Cavalier Attitude Toward Suicide: Both on television and in this book, Laird exhibits an extremely cavalier attitude towards Monroe's suicide. It can be summed up this way: "So she threw away Marilyn's great body and super star movie career... so what? Laird just gets a new great body and another career in singing and a few brushes with suicide... but, fixed up by the 'master healer' now, so its all good..." As Laird put it, (p. 173) Monroe had "no real regrets because now she is endlessly a canvas on the world." Finkelstein also has a cavalier attitude because he constantly refers to Monroe's suicide as "premature and tragic" (p. 148). I have never seen, either in the literature or in practice, someone so unconflicted by a suicide committed in their last previous life. This is inconsistent with the usual suicide profile and with how new lives are created.

- Involvement of Children: The greatest difficulty that I have with Laird is her inclusion of her daughter in her past life exploration. I am of the opinion that children (under 21) should not participate in past life exploration except under the following circumstances. These are, if, due to heavy past life resonances: 1) the child is a danger to themselves or others, 2) their health or well being is threatened, and/or 3) their childhood is disrupted. In my opinion, Laird's burdening her daughter with the knowledge that she is the reincarnation of a seriously mentally disturbed individual, in and of itself, is a threat to her future well being. As it is, her daughter felt "overwhelmed" by her mother's situation at press time (p. 218).

Her Marilyn Claim: I have intentionally not commented on Laird's claim to be the reincarnation of Marilyn Monroe. Sherrie Lea Laird is not my client so it would be inappropriate for me to do so. If it brings Laird peace to believe she is the reincarnation of Marilyn Monroe, I would not wish to disturb that peace.

* About Finkelstein: Here are some conclusions I have reached:

Limits of Hypnosis: Hypnosis has it limits. Finkelstein believes "somnambulistic hypnosis" is an all powerful, infallible, unbeatable "truth serum" (p. 96) so perfect that it can selectively block "all acquired information" (p. 102) about a particular subject. BUNK! Many in the military are trained in exactly how to beat hypnotic inductions, lie detector tests, and (in some cases) chemical truth serums. Hypnosis is only a state which the individual is highly suggestible because they have entered alpha or theta brain wave states where it is more difficult to lie (but not impossible). The fact that someone can break out of the hypnotic state at any moment if they choose to (p. 105) shows that hypnosis not unbreakable or all powerful. Plus the individual still has access to their entire mind: "acquired information" and all.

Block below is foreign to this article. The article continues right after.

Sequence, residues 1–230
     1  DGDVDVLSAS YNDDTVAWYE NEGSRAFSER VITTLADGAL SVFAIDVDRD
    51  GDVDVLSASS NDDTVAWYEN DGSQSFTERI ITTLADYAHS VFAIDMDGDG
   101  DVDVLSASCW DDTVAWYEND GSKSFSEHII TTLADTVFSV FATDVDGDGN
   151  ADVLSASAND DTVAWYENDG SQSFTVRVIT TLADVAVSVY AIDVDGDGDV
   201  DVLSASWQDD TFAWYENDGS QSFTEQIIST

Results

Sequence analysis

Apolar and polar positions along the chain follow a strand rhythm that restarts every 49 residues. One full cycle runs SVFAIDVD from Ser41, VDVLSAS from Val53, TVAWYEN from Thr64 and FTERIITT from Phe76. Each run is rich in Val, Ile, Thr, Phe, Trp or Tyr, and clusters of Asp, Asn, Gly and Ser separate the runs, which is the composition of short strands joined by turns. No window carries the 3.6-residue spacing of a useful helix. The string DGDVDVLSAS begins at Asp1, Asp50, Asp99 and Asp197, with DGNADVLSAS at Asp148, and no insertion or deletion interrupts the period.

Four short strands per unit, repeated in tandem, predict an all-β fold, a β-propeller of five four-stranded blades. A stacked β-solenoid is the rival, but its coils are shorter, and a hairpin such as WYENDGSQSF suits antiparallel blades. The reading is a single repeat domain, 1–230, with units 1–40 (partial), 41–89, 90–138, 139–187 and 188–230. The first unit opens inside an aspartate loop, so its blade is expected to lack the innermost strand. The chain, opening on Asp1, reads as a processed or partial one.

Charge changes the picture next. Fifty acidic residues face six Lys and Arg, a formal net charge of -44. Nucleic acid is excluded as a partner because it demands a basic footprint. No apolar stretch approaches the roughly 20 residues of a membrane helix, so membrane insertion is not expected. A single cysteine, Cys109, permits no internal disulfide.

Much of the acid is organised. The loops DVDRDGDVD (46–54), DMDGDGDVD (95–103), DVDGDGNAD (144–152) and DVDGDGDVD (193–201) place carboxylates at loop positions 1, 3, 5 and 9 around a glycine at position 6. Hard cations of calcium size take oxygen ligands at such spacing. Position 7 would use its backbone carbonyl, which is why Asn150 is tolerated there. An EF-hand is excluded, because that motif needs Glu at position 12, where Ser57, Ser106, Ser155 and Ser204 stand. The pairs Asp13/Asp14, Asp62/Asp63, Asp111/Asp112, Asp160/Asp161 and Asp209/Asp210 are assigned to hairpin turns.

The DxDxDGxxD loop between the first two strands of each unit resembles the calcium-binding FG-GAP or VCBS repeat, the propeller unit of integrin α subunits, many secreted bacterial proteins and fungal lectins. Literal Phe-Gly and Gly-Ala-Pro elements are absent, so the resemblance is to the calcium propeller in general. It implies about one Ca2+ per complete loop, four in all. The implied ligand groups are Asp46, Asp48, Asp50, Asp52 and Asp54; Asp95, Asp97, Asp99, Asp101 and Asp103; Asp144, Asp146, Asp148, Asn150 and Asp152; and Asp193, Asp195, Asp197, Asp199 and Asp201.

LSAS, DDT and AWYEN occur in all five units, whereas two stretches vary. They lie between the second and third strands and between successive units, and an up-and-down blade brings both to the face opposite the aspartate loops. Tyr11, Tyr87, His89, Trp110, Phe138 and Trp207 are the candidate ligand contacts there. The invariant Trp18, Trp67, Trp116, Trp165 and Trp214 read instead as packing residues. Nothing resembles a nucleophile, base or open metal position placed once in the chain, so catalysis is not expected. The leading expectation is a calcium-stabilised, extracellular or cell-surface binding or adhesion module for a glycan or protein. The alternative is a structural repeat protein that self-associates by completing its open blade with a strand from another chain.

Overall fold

Trick of the Brainwaves: Finkelstein remarks that "Sherrie (Laird) proved to be a sponge when it came to knowledge" (p. 97). If true, Laird's mind would contain vast amounts of Monroe data (since she was aware of a connection to Marilyn from childhood). Certainly, she had seen photographs of those close to Marilyn often in the past... so much so that Laird recognizing pictures of Monroe's family proves nothing. By opening her eyes and looking at the pictures Laird would have shifted back to the conscious beta brain wave state where her sponge-like brain would have activated her facial recognition center to discern matches.

Biometric Markers: Finkelstein puts much emphasis on what he views as the physical similarities between Laird and Monroe. I am sure I am not alone in voicing the opinion that there are Marilyn celebrity look-a-likes that more closely resemble Monroe than Laird does. For how reincarnation effects biology, click here.

Astrology Proves Reincarnation? Perhaps the most astonishing thing in this book is Finkelstein's statement: The "karmic astrological concordance in [one of his cases] another proof favoring the validity of [their] reincarnation" (p. 30) (he also uses this to "prove" Laird's claims to be the reincarnation of Monroe on p. 180). This is the same as saying that you know an EKG or an MRI is correct because your pendulum told you so. Astrology is not a science, reincarnation is.


* About Me: Here are some conclusions I have reached:

Thank You - Past Life Healing: The first thing I MUST thank Finkelstein for is this: That the past life healing process does not require regression and that healing can be "carried on without [the subject] being in a hypnotic trance" (p. 212). This is CONTRARY to the regression party line that "past life healing can only happen in a regression session conducted by a licensed practitioner while under hypnosis." The truth is that past life healing happens when the individual connects with their own personal past life truth by whatever means (p. 91).

- Thank You - Big Pharma: The second thing I MUST thank Finkelstein for is this: (p. 23) "Hospitals and doctors have a vested interest in cooperating with pharmaceutical companies and maintaining their medical 'standard' practices." I should know: "pharmaceuticals" almost killed me in this life... more than once. I wish more doctors would show this kind of courage and honesty.

- Thank You - Liberation: Although Finkelstein believes his book to be the "Holy Grail of Reincarnation Studies" (p. 178), I have shown above that there are too many flaws in it to merit such a lofty title. That being said, the final thing I MUST thank Finkelstein for is showing me that past life regression as practiced by "so called scientists" is much closer to past life channeling than they would like you to believe. The real difference is that I am honest about past life information flowing through me as a channel... while regression practitioners like Finkelstein - who supply all the research in advance or chat/free associate with clients when hypnosis proves to be inconvenient - are NOT. That has been very liberating! If you want to take one thing from this book that can be truly liberating for you, it is the advice that Finkelstein says he always gives to his clients: "Be aware of God within always. This is the greatest blessing to humanity. Act always as if God were within you and you will see miracles happening. And they are not really miracles but the manifestation of the natural law" (p. 177) which is karma.